“Don’t be afraid of the dark, Johnny,” Bruce had told him.
“Be brave like Batman,” his mother told him. Batman wasn’t afraid of the dark.
Johnny wasn’t afraid of the dark, either. Only babies were afraid of the dark. Johnny was five now, and a big boy. Little Ginny wasn’t afraid of the dark, either. Even if she had been, she had an excuse. Still a mere two years old, his little sister was a baby. But Ginny was as brave as Johnny, and Johnny wasn’t afraid of the dark.
He was afraid of the things that came out in the dark.
They didn’t come out straight away. They were too smart for that. They waited until later, after Johnny and Ginny had gone to sleep – until after their mother and Bruce had gone to bed, even. Only once the grownups were sound asleep did they come out.
It started with the skittering. They came from the closet. At least, that was Johnny’s best guess based on the sound. Then they crawled across the walls and the ceilings to the beds. Ginny always slept through it. But not Johnny. He’d always been a lighter sleeper than his sister, and he’d woken at once every time.
The first night it hadn’t even scared him. He’d just listened with fascination, wondering what kind of critter it would be. Maybe it was mice, or rats, or squirrels. Maybe it was even a raccoon. How cool would that be? A raccoon in his bedroom!
Then he felt the cold, sharp agony of its touch. He felt the mouth over his shoulder and the teeth sinking into him. He felt the drain as the monster sucked his life away. He tried and tried to fight it but his body would not move, could not move. So he tried even harder to scream, to call to his mother for help. But no noise passed through his lips.
In the pale stream of dim moonlight that passed through their curtains he could just barely make out his sister. It was enough. He could see that she, too, was writhing in agony. He wanted desperately to help her, but he couldn’t even help himself.
And then, suddenly, the monster was gone. So he screamed. Ginny screamed. A moment later their mother was there, comforting both of them. But no sooner had they quieted than Bruce filled the silence. He really liked to yell at them. He scared Ginny, but not Johnny. Johnny thought he was a coward who wouldn’t do anything more than yell, even to a five year old.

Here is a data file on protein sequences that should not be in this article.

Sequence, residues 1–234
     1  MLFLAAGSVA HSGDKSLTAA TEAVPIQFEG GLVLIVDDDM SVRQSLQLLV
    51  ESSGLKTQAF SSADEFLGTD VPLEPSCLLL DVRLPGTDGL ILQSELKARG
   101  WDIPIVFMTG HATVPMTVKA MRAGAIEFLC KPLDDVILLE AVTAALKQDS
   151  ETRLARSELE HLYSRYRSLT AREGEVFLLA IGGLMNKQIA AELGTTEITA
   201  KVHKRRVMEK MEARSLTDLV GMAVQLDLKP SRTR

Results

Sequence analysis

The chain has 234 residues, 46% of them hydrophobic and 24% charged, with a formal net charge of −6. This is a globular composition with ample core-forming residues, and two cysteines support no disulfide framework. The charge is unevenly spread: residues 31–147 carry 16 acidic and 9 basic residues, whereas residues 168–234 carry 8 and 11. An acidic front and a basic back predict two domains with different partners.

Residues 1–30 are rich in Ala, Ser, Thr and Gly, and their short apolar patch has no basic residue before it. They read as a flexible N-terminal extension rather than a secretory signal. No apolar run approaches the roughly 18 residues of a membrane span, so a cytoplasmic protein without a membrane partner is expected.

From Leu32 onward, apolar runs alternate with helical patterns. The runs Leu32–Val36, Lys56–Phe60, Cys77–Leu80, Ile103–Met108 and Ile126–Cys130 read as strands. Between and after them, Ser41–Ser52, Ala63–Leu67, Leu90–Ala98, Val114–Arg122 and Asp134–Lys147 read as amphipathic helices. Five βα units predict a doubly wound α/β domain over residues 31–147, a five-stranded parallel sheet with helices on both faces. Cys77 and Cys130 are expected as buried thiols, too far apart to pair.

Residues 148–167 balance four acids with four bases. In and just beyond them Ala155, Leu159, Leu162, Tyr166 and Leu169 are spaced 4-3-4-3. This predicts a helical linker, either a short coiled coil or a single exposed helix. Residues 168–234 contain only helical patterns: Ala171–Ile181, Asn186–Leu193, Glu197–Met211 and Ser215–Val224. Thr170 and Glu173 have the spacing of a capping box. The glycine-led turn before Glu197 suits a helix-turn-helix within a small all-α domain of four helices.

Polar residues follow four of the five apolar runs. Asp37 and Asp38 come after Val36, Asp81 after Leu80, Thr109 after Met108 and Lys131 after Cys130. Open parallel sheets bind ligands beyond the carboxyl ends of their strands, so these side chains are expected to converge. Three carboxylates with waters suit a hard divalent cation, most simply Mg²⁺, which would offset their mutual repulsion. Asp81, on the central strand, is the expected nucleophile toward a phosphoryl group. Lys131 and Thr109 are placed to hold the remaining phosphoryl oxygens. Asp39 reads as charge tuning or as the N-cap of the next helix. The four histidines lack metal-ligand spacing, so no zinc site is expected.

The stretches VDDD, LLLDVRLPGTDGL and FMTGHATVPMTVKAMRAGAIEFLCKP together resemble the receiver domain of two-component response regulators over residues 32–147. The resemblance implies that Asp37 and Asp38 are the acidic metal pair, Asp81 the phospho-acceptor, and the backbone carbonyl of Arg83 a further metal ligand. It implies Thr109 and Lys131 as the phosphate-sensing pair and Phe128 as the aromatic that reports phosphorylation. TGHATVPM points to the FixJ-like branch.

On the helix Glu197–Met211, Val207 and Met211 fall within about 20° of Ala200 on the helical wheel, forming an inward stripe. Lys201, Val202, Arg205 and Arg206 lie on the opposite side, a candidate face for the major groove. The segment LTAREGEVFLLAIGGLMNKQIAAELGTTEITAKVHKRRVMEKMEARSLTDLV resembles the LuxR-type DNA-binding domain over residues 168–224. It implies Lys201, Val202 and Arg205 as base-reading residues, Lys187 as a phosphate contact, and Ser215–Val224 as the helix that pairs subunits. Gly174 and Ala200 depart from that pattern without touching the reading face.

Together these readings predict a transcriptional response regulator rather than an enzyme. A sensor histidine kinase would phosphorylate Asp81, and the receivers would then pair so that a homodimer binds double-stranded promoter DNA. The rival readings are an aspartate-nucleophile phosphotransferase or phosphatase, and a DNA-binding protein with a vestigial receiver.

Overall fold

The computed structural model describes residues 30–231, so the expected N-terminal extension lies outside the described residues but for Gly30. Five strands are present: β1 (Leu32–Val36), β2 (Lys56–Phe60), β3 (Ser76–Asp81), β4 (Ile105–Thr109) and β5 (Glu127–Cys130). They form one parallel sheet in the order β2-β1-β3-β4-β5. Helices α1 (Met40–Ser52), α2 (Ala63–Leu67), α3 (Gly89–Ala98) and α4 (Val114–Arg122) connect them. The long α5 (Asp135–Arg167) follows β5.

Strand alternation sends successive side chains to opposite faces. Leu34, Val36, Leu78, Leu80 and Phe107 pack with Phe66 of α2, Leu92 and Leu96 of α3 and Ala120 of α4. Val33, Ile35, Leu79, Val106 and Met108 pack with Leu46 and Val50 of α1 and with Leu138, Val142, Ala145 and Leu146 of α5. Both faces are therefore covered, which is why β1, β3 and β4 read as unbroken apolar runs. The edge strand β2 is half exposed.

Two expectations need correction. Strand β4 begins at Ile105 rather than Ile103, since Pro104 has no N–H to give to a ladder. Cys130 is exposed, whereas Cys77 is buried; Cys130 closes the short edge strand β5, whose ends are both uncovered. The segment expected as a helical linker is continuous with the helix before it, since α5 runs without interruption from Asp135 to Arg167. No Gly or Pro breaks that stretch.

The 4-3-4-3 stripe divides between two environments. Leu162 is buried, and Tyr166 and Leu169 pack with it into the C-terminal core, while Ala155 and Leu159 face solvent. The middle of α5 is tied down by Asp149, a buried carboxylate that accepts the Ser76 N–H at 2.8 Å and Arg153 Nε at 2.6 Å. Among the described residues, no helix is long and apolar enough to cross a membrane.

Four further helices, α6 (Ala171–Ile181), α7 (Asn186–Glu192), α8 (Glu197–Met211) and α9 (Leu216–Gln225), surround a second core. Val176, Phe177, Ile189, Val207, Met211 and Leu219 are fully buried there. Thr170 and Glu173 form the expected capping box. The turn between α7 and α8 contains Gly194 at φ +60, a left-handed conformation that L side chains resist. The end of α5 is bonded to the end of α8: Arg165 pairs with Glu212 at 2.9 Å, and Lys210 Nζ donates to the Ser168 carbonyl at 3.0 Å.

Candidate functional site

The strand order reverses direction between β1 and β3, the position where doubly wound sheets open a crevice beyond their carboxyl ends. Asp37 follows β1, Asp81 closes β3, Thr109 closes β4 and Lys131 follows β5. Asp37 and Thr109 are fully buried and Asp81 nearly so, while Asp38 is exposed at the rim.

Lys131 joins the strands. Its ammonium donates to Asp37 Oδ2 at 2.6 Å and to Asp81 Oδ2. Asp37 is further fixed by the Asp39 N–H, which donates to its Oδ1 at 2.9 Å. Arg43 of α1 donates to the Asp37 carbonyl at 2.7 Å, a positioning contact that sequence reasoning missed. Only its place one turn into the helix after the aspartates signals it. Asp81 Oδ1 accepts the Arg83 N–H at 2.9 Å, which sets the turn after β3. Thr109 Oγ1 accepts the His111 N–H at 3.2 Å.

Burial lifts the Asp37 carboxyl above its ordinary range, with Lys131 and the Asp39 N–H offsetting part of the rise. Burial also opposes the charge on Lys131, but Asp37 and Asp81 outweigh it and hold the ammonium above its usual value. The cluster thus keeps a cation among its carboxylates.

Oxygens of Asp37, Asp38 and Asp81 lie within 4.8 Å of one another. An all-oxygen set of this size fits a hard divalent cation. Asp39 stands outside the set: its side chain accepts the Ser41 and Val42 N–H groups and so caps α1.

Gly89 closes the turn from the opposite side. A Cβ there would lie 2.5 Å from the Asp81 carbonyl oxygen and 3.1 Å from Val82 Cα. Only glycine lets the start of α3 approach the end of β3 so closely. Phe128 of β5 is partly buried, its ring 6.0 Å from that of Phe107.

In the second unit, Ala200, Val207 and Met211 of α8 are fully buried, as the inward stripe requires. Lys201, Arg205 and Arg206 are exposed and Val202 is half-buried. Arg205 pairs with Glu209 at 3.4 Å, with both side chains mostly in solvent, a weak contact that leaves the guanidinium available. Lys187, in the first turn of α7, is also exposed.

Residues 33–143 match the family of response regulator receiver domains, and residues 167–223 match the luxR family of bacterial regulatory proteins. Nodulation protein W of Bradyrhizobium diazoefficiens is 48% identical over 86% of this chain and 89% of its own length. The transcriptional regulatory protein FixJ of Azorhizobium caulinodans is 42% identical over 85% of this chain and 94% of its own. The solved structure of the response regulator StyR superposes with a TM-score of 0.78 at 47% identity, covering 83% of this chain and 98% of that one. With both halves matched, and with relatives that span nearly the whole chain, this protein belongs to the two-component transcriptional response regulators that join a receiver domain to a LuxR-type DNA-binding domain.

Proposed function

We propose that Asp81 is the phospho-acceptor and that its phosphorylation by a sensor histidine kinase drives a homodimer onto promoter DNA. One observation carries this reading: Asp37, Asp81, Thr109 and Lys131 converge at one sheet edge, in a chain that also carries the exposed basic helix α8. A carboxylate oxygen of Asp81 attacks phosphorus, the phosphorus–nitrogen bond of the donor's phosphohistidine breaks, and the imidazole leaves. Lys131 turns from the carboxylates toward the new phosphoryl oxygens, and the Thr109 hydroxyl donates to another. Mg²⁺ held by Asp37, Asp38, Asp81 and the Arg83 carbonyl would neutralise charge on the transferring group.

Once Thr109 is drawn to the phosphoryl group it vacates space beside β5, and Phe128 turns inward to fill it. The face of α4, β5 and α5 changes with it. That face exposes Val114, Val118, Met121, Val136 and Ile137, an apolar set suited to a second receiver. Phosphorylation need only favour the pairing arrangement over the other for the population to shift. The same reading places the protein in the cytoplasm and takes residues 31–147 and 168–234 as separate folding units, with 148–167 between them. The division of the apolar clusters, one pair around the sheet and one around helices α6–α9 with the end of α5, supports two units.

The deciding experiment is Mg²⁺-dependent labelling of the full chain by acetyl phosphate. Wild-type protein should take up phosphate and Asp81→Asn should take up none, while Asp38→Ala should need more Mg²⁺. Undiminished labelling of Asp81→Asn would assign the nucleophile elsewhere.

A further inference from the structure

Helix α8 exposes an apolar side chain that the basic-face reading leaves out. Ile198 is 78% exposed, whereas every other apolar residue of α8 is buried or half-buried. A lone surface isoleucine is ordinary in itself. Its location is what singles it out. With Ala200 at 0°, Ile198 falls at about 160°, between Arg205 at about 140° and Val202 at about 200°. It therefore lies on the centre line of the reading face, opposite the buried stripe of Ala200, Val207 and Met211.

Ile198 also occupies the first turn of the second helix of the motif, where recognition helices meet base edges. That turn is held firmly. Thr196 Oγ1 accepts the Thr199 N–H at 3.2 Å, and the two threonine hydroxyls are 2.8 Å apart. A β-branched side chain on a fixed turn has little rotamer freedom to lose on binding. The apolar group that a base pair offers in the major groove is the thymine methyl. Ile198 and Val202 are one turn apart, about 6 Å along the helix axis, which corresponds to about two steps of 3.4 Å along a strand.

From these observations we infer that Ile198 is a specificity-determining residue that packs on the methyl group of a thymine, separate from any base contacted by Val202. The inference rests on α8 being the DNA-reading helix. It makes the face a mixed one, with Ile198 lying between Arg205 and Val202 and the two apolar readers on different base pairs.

“What are you screaming at? Go back to sleep!” he roared, and stormed off.
Johnny scowled after the man as his mother comforted Ginny. It made him so mad that that big, cowardly bully shared a name with his favorite superhero. He didn’t deserve to have an awesome name like that. When his mother finally left, too, he pulled the blanket high up over his head. He fought it for as long as he could, but eventually he fell back asleep and the rest of the night passed without incident.
His mother spent all day trying to convince him that he’d imagined it, that it was just a dream. It almost worked. After all, Ginny didn’t even remember it come the light of day. And the monsters hadn’t left any marks.
It almost worked, but it didn’t. Johnny could see how tired his sister was, the dark bags under her eyes. He could see his own matching pair when he looked in the mirror as he brushed his teeth that morning. Even his mother remarked on how tired he seemed that morning, but even so she couldn’t seem to put it all together.
Why wouldn’t she believe him? Her boyfriend was even worse. Bruce kept treating him like a stupid baby for crying in the dark. He never could figure out why his mother liked him. He was even more awful than her last three boyfriends, and they were pretty awful. But he’d never disliked Bruce quite as intensely as he did that morning.
On the second night they came, Johnny was scared right from the beginning. He knew what to expect this time. That definitely did not improve the experience.
“Be brave like Batman,” his mother told him. As if all he had to fear was the dark.
He went to sleep with his blanket pulled tight over his head. The thick blue blanket was far too warm for that evening, but he insisted and overruled his mother’s objections. He hoped the thicker blanket would keep the monsters away. His mother thought he just wanted Luke Skywalker. He was happy to let her have her delusions.